Well, this is sure to spark some intense debate. The classic 1939 film The Wizard of Oz is the most influential movie of all time, with Star Wars: A New Hope and Alfred Hitchcock’s Psycho in second and third place, respectively. That’s the conclusion of a new study by Italian scientists in the journal Applied Network Science, suggesting a fresh metric for determining a film’s success, similar to that used for scientific publications.
According to co-author Livio Bioglio of the University of Turin, the usual metrics used to measure a film’s success are inadequate for evaluating its true quality and significance. Box office receipts, for example, are affected by such non-aesthetic factors as advertising and distribution, while reviews are by nature inherently subjective. Plenty of now-classic films bombed at the box office and/or were critically savaged at the time of their release. (Ahem. Blade Runner, anyone?)
The Italian scientists reasoned that maybe the science of complex networks can help. “We propose an alternative method to box office takings and reviews for analyzing the success of a film,” said Bioglio. “We have developed an algorithm that uses references between movies as a measure for success, and which can also be used to evaluate the career of directors, actors and actresses, by considering their participation in top-scoring movies.”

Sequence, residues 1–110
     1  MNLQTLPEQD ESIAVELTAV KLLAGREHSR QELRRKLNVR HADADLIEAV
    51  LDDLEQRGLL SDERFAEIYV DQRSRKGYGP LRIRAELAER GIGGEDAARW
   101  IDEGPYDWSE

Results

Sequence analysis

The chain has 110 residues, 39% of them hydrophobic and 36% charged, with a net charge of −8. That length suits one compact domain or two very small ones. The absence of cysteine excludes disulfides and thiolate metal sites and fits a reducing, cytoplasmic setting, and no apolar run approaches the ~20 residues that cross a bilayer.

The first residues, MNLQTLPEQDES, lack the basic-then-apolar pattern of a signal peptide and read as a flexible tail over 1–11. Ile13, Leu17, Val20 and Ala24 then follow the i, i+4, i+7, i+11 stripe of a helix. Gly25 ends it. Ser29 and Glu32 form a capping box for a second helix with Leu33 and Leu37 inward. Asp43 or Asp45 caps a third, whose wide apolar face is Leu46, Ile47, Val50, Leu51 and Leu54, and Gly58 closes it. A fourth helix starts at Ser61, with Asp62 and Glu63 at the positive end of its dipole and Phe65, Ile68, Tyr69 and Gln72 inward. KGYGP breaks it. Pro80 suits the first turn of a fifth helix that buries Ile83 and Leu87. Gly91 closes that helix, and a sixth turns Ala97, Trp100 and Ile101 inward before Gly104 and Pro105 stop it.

Bioglio et al. applied their algorithm to information collected on 47,000 films at the Internet Movie Database (IMDB). (The authors caution that there is a bias in their data toward Western films, since those are the films most likely to be listed on IMDB.) Each film is treated as a node in the network, and the number of connections it has to other films indicates how influential it is likely to be, especially if it is linked with several other influential films.
With the exception of Star Wars, their results were markedly different from traditional box office rankings. King Kong (1933), 2001: A Space Odyssey (1968), Metropolis (1927), Citizen Kane (1941), The Birth of a Nation (1915), Frankenstein (1931), and Snow White and the Seven Dwarfs (1937) round out the top ten. If we rank films by box office receipts (adjusted for inflation), Gone with the Wind (1939) ranks first (it’s #19 in the Italian ranking), followed by Star Wars: A New Hope (1977) and The Sound of Music (1965), which didn’t make the Italian team’s top 20. The Wizard of Oz and Psycho (1960) don’t even crack the top 100 in box office receipts.
This new approach is similar to the metric used to rank the prestige of academic journals—known as the “impact factor“—or the citation index used to determine the relative importance and influence of individual papers on an academic field. The impact factor is based on the average number of times that a journal’s articles are cited over the past two years. But it has met with harsh criticism over the last decade or so, because the distribution of citations is badly skewed. For example, journals like Nature have very high impact factors thanks to a small number of very highly cited papers, but most papers published in Nature on average only received 10 to 20 citations.
There is clearly a bias toward older films in this new analysis.